If sleep problems are what brought you to this page, you have all our sympathy. There are few things physically worse for our brains and body than sleep deprivation and sleeping disorders.
That’s why we’re here to help.
A helpful guide to having the most restorative naps
One way to combat a disrupted sleep pattern is to catch up with naps. For centuries, southern European countries practiced restorative nap times called siestas. It was a habit they took with them when they travelled to other continents, especially the ones with hot climates.
So it was that Mediterranean countries and Latin America (and other parts of the world) came to follow a different sleep module pattern. It makes sense to sleep away the highest temperatures of the day by retreating to the bedroom for a siesta. Then you can make up for losing the afternoon hours by staying up later at night.
This runs counter to the western tradition of considering eight the ideal number of hours to sleep, and prefer it come in one uninterrupted block at night.
Researchers even tried to find a link between Mediterranean sleeping patterns that included a nap time and comparing it to western sleeping habits. Long term siesta napping routines were linked to:
- 12% reduction related to cardiac mortality for occasional nappers
- 37% reduction in cardiac mortality risk for regular nappers
- Men who took naps experienced stronger protection from heart disease
- Regular nappers had 64% less chance of coronary artery disease then non-nappers
- Regular nappers were 50% less likely to experience a coronary artery event compared to non-nappers.
Early to bed and early to rise, etc.?
It was Benjamin Franklin who said: Early to bed and early to rise, makes someone wealthy, heathy, and wise.
But is this true?
A team of Harvard researchers tested Franklin’s motto. They evaluated nearly 1,000 people who had experienced heart problems, and found there was no correlation between getting up early, going to bed early, and having a healthy heart.
Strike one to old wives’ tales about the benefits of 8 hours solid sleep within every 24 hours.
Here’s the Groundds’ guide to having a nice, restorative nap.
Napping guidelines and benefits
1. Try the power nap. Illustrious nappers of the past include Churchill, da Vinci, and Einstein. They were all fans of giving the brain time to reboot in the afternoons. The key to a successful power nap is to drift off enough to slow down brain activity, but not allowing yourself to fall into a deep sleep. It’s a fine line, but 20 minutes of relaxation should be enough to achieve it.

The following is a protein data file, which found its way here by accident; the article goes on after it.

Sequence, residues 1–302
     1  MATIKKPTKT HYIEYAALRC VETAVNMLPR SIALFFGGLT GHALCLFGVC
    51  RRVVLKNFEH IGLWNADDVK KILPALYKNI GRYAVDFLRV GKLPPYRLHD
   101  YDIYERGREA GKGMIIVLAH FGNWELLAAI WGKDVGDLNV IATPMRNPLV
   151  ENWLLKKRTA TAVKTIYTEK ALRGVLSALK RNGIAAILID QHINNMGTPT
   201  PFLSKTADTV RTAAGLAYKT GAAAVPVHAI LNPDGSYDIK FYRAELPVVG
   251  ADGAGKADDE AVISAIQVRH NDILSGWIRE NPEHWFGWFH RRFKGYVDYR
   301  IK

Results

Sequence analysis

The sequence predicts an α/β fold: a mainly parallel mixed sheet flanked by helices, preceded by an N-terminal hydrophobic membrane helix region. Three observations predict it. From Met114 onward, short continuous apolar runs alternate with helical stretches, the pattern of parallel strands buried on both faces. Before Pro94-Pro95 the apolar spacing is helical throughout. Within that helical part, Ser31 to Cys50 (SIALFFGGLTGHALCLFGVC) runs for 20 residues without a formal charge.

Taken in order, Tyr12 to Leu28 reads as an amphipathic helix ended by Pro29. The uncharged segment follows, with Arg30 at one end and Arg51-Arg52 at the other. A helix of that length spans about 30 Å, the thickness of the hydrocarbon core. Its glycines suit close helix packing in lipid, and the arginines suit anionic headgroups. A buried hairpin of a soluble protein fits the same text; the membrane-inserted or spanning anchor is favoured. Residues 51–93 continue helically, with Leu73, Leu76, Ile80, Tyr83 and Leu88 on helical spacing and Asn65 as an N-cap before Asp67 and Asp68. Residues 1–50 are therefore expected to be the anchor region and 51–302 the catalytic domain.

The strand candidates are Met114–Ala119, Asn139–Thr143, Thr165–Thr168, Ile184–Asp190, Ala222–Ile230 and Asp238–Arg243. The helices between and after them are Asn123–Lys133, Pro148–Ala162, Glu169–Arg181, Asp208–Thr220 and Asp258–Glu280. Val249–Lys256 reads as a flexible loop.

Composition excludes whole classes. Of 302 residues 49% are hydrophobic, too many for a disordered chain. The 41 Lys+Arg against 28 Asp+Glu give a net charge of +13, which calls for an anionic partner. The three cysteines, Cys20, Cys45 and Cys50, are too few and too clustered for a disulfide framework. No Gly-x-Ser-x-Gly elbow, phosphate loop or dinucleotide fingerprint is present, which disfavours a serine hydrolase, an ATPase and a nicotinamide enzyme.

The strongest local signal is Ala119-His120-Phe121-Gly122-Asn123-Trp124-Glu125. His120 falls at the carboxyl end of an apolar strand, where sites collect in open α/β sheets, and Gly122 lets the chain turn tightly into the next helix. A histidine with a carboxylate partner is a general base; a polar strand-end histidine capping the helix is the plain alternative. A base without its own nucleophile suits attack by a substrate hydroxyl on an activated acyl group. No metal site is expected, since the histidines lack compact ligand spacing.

2. Find your naptime “sweet spot.” It will be sometime after lunch, especially if you eat carbs, and has to be before 3 pm. Don’t leave it any later than that or your sleep at night will be affected.
3. If you prefer napping on a day bed or couch, make sure it has adequate support for your neck and back. You won’t have a restorative nap if you wake up with a stiff neck or aching back.
4. If getting up to go to the bathroom interrupts your naptime sleep, try reducing your beverage consumption and sticking to small sips of water for the two or three hours before taking your nap. It will decrease the amount of excess water collecting in your bladder and free you to nap deeply in peace. Also, check your meds (OTC and prescribed) to see if one of the contraindications is frequency of urination.
5. Try noise cancelling headphones and white noise. If you’re at work – and it has to be in a progressive workplace that recognizes the benefits of napping! – pop on some noise cancelling headphones with your choice of white noise before drifting off. If you don’t have, try cranking the fan up on high for a similar effect.
6. If you only have time for a quick nap, have a cup of coffee or glass of water before hitting the hay. The caffeine or diuretic effect will have you up and about after 20 to 30 minutes.
7. Don’t forget to turn off the notifications on your device.
8. Don’t be too hard on yourself. If you are recovering from an illness or have experienced interrupted sleep at night (hello parents of infants, toddlers, and young children), take a nap at ever chance you have. Your body needs it.
4. When you are stressed out or feeling emotionally or physically blue, your heart beats faster. This is counterproductive to having a restorative nap. The pressure applied to the body by a weighted blanket calms the parasympathetic nervous system, which in turn, lowers the heart rate. This lowering of a fast heart beat will have you winging your way toward a peaceful, restorative nap in no time!
10. If you have a bad memory or have recently experienced a traumatic event, it will replay itself over and over in your mind, no matter what time it is or where you are trying to sleep. By covering yourself with a weighted blanket, it reduces the physiological symptoms these bad thoughts have on you, and this in turn alleviates the adrenalin jumps the memories are causing you to have.
And there you have it, Groundds’ guide to siesta sleeping your way to nappiness!